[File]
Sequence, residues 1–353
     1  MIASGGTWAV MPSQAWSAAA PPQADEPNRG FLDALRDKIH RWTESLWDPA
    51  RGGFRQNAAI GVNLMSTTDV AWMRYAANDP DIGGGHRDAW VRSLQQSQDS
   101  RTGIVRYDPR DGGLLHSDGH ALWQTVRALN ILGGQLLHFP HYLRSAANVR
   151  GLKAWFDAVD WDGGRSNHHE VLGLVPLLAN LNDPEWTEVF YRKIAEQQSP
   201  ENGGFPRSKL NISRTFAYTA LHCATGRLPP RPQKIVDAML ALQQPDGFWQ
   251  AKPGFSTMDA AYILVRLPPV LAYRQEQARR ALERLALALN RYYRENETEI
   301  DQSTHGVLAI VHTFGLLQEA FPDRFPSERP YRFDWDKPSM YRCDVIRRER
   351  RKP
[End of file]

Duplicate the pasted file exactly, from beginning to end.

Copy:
Sequence, residues 1–353
     1  MIASGGTWAV MPSQAWSAAA PPQADEPNRG FLDALRDKIH RWTESLWDPA
    51  RGGFRQNAAI GVNLMSTTDV AWMRYAANDP DIGGGHRDAW VRSLQQSQDS
   101  RTGIVRYDPR DGGLLHSDGH ALWQTVRALN ILGGQLLHFP HYLRSAANVR
   151  GLKAWFDAVD WDGGRSNHHE VLGLVPLLAN LNDPEWTEVF YRKIAEQQSP
   201  ENGGFPRSKL NISRTFAYTA LHCATGRLPP RPQKIVDAML ALQQPDGFWQ
   251  AKPGFSTMDA AYILVRLPPV LAYRQEQARR ALERLALALN RYYRENETEI
   301  DQSTHGVLAI VHTFGLLQEA FPDRFPSERP YRFDWDKPSM YRCDVIRRER
   351  RKP